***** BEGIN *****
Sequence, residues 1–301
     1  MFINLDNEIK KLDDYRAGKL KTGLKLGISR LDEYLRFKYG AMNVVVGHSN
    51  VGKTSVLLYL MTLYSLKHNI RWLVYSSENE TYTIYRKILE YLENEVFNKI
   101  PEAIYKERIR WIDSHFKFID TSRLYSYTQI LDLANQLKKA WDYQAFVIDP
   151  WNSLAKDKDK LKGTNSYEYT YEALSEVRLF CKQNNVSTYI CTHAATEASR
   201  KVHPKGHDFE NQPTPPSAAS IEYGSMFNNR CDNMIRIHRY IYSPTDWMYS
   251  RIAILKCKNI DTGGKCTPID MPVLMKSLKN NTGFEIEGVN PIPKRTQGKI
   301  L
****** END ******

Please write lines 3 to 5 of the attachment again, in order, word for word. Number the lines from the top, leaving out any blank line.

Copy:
    51  VGKTSVLLYL MTLYSLKHNI RWLVYSSENE TYTIYRKILE YLENEVFNKI
   101  PEAIYKERIR WIDSHFKFID TSRLYSYTQI LDLANQLKKA WDYQAFVIDP
   151  WNSLAKDKDK LKGTNSYEYT YEALSEVRLF CKQNNVSTYI CTHAATEASR